It is urged that the trial judge erred in certain remarks made during the trial. While examining a court's witness, the owner of the tavern in which the altercation between defendant and deceased first occurred, the judge told the bailiff "Direct him [the court's witness] back there for a while." A judge has a right to question witnesses and he must do so in a fair and impartial manner, without showing prejudice or bias against either party. (People v. Marino, 414 Ill. 445; People v. Filipak, 322 Ill. 546.) The court did not so err in questioning the court's witness. Our review of the record fails to reveal that the conduct, statements, or questions of the trial judge constitute prejudicial error. Most of his comments were directed toward a judicious handling of the trial, and he constantly admonished the jury that his statements to the attorneys and witnesses were to be disregarded and should constitute no indication of defendant's guilt. While a few statements by him may have been indiscreet, his delivery of the court's witness to the bailiff could constitute no indication of defendant's guilt or innocence, and if he erred in any regard it was not such error as requires reversal, the guilt of defendant being otherwise established beyond reasonable doubt. People v. Sicks, 299 Ill. 282.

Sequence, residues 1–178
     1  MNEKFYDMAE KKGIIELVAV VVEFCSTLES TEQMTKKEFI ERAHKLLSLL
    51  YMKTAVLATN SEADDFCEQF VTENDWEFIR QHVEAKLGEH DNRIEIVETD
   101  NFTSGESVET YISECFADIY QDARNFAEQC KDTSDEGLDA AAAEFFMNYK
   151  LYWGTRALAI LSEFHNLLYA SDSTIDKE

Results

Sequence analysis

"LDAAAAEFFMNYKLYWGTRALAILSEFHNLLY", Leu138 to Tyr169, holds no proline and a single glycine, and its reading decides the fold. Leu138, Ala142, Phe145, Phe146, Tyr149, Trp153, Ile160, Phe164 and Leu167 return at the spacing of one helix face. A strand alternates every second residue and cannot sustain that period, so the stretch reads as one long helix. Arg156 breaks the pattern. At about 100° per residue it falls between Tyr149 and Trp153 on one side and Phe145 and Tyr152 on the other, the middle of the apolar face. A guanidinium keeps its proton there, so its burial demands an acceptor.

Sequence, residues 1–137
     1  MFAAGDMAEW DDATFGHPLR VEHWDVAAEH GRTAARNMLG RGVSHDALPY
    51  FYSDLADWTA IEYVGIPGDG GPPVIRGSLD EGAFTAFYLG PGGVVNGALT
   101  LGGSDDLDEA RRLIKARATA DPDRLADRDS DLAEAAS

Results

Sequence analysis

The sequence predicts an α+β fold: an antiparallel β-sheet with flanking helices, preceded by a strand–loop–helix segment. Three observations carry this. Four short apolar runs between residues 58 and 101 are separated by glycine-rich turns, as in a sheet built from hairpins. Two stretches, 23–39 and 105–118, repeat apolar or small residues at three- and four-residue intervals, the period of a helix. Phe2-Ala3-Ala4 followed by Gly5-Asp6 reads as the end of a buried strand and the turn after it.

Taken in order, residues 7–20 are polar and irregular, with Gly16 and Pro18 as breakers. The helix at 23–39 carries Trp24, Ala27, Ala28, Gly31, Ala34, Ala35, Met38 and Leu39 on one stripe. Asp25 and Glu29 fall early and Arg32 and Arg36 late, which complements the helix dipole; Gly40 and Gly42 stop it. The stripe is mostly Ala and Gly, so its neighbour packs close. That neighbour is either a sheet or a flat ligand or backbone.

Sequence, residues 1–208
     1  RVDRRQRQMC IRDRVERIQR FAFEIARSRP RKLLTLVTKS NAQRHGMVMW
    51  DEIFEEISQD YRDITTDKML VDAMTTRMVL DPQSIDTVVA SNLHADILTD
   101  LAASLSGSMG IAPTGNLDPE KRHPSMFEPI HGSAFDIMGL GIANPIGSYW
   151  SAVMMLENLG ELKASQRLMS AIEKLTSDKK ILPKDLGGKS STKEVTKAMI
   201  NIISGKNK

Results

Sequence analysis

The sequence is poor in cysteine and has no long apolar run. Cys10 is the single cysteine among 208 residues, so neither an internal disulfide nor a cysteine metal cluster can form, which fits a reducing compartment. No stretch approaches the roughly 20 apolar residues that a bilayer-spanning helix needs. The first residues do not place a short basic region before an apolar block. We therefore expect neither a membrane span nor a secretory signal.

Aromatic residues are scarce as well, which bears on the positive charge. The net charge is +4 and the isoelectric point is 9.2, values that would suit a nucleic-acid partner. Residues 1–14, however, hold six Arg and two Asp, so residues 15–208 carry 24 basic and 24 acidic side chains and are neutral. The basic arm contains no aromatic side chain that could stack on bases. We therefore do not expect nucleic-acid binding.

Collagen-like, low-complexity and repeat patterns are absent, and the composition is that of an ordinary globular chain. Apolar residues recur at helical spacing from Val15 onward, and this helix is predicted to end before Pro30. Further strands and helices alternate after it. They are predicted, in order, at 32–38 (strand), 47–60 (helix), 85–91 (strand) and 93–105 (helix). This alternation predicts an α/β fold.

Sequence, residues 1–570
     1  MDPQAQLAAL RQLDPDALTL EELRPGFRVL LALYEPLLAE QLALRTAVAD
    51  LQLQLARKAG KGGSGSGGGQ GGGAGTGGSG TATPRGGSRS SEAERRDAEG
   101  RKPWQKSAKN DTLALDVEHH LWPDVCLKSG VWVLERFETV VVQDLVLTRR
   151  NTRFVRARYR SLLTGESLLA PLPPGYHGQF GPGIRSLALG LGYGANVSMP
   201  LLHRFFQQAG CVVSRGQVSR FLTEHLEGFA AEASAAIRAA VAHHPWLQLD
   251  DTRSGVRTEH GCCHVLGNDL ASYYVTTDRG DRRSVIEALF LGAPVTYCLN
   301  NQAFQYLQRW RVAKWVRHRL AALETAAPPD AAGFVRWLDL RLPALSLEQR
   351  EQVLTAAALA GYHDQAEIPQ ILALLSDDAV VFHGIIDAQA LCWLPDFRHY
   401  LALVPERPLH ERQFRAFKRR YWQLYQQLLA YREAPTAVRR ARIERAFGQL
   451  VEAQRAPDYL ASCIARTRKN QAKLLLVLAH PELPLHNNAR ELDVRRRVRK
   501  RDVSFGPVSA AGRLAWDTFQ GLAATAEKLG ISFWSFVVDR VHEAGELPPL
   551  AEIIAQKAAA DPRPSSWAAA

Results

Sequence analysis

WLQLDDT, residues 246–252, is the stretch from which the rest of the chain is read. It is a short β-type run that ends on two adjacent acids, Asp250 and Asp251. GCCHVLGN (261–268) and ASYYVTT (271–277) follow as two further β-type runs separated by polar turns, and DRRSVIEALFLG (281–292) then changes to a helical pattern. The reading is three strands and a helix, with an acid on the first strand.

Defendant further urges that the trial court improperly restricted the cross-examination of one Della Kinghouse. Defendant's attorney had repeatedly asked Miss Kinghouse why she and her companion had gone to the tavern where the altercation occurred. The court was well within its discretion in restricting such cross-examination. A cause will not be reversed for alleged improper rulings in that respect unless such discretion has ...